Ana Villafane Lead
Credit: Matthew Murphy

The rhythm has gotten Ana Villafañe! The Cuban-American Miami native is the hot newcomer on Broadway right now, taking on the role of Gloria Estefan in the musical On Your Feet!, which opened officially last week. In the musical, which follows the love story of the Latin singer and her husband Emilio, she helps tell the story of how Estefan went from Cuban immigrant to international superstar through a compilation of Estefan’s greatest hits, including “Conga” and “Turn the Beat Around.” Villafañe’s voice carries through the Marquis Theatre and at times, it feels like you’re in the middle of a Miami Sound Machine concert instead of sitting in midtown Manhattan.

We caught up with Villafañe in the weeks leading up to the opening to learn more about how she transforms into Gloria Estefan for eight shows a week. “Gloria has been around us every step of the way and she has been so open about her life,” said the actress. “She hangs out with me outside of work and rehearsal and has welcomed me into her family. I have been able to feed off her energy for the role.” And what she’s trying to show through her interpretation is the softer side of the icon. “People want to see the superstar, but what I am trying to do is show the woman behind the name,” said Villafañe. “That’s the beauty of Gloria, she’s real and so grounded.”

Scroll down to read more about becoming Gloria Estefan from the newest Broadway It Girl.

1. What do you find most inspiring about the Estefans?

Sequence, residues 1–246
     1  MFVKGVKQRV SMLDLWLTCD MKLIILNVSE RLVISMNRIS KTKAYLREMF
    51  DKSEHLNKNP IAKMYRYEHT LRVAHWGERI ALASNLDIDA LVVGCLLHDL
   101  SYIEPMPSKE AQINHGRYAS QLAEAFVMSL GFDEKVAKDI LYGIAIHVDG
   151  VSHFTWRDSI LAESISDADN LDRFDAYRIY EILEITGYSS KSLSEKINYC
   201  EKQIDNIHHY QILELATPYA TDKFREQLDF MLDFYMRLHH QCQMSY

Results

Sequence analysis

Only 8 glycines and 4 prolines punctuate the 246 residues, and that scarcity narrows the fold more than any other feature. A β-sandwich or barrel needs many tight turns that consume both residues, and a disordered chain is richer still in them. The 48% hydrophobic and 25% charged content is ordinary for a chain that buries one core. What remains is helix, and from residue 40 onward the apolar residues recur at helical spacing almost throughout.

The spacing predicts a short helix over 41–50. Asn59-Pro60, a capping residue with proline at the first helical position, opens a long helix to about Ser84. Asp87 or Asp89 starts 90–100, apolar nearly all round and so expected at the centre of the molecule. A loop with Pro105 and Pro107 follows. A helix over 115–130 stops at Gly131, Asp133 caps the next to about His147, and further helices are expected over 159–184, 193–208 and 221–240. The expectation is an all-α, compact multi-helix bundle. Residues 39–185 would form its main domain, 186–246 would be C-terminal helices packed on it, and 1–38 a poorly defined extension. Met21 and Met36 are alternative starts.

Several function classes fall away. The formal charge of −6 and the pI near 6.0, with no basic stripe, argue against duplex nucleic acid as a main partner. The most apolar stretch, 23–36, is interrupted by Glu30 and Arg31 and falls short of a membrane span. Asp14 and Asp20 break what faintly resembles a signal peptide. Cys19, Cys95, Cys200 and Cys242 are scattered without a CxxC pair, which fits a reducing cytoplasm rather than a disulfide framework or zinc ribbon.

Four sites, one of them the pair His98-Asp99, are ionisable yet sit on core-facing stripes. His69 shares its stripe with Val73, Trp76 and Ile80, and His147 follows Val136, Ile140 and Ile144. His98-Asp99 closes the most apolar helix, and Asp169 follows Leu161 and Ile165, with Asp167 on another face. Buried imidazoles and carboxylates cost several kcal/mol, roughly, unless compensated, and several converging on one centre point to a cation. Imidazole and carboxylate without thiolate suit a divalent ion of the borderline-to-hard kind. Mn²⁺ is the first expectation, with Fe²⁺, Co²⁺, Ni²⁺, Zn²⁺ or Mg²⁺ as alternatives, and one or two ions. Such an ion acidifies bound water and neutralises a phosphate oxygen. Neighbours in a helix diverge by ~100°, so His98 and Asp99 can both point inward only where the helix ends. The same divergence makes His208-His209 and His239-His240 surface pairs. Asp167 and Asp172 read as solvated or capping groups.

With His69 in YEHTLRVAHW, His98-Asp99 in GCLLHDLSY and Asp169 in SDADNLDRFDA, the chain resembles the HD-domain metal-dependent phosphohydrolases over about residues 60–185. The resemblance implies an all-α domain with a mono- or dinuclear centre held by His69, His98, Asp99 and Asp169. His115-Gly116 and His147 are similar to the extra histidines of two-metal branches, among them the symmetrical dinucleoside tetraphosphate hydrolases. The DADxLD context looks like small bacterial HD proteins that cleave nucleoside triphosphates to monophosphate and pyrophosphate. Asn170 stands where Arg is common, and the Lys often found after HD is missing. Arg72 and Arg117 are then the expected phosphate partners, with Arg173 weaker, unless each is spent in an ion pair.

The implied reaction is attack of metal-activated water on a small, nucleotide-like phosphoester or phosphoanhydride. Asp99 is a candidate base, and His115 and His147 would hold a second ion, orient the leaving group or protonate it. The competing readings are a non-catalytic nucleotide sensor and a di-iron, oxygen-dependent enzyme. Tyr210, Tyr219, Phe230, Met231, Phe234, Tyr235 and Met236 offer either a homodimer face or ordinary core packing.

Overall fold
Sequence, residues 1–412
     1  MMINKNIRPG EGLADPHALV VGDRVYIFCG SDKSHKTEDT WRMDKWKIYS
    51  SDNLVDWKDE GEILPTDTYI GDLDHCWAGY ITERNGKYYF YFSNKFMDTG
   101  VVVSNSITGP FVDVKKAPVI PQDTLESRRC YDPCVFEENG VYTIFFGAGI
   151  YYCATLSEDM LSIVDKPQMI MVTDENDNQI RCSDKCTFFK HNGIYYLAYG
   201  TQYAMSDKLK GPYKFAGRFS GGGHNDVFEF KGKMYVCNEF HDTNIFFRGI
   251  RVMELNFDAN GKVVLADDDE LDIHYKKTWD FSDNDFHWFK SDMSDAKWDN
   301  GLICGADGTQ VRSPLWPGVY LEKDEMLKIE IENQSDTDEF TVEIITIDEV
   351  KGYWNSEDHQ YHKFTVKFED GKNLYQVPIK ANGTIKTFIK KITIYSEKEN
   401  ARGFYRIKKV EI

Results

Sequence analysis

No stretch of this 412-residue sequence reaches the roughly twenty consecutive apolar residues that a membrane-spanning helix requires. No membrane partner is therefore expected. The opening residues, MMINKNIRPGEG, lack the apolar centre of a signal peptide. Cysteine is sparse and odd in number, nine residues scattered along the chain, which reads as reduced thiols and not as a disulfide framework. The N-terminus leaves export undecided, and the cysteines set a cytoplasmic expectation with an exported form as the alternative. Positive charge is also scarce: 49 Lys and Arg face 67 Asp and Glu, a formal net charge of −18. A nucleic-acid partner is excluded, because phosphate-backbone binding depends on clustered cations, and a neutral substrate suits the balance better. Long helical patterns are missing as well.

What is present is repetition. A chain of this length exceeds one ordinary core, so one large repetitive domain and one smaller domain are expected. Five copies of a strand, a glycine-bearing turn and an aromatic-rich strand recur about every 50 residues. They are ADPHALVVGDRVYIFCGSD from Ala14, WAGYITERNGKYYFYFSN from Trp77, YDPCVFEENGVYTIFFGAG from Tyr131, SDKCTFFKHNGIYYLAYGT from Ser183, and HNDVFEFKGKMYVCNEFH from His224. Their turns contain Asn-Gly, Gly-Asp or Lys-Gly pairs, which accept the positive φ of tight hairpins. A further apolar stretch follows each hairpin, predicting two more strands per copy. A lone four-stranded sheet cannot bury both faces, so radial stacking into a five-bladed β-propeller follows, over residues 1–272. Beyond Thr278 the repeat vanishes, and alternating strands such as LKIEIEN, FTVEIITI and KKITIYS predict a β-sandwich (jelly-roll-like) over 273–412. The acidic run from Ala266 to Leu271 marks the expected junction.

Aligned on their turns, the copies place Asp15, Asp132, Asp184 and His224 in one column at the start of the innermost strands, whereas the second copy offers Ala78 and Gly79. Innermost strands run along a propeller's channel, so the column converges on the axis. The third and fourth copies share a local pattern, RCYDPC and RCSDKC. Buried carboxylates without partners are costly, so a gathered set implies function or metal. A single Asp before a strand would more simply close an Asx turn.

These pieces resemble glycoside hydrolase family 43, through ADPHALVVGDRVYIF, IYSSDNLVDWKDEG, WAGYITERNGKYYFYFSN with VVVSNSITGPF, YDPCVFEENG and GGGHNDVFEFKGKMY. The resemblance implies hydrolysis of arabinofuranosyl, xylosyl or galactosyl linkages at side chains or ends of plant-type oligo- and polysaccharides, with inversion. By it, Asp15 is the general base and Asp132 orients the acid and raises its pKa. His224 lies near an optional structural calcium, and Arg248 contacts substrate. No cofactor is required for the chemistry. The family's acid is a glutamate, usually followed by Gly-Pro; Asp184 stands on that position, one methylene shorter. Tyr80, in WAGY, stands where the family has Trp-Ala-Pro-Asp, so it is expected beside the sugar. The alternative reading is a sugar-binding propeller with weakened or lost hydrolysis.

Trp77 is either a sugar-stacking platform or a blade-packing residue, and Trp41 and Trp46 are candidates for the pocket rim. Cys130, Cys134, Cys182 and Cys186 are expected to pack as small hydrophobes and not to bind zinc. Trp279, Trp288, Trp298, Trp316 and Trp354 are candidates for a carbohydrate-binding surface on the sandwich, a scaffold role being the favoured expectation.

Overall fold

Their love is like a modern-day fairytale. They left their country, they came to a new place, they had no resources, and yet, they found each other and empowered each other to become mega successful pioneers for an entire group of people. They have let their love transcend from a personal thing to a worldwide thing. I want to be a part of that. The love that we’re showing is scary because it exposes vulnerabilities. So to do that on stage eight times a week, it’s intense.

2. What impresses you most about her story?
I love how she never did the stereotypical Latin thing. She originated a style all her own, like when she wore leather chaps and bustier instead of a Chiquita banana hat. What’s amazing to me is when everyone was trying to make her into something else, she knew what she wanted and she wasn’t going to compromise that for the sake of success. In the long run, that’s what made her and Emilio successful. It all stemmed from this one badass woman who said, ‘I’m going to take the risk.’

Ana Villafane
Credit: Matthew Murphy

3. Does Gloria’s music empower you?
There is something magical about the music. There is something that takes you somewhere else. The history of Latin America has been so tumultuous, so I think there’s a reason why the music is such a celebration. Gloria says all the time that music was her escape as a kid. I hear it because I feel so free in her music. The audience can sense that, too.

4. What is the most memorable moment in the show for you?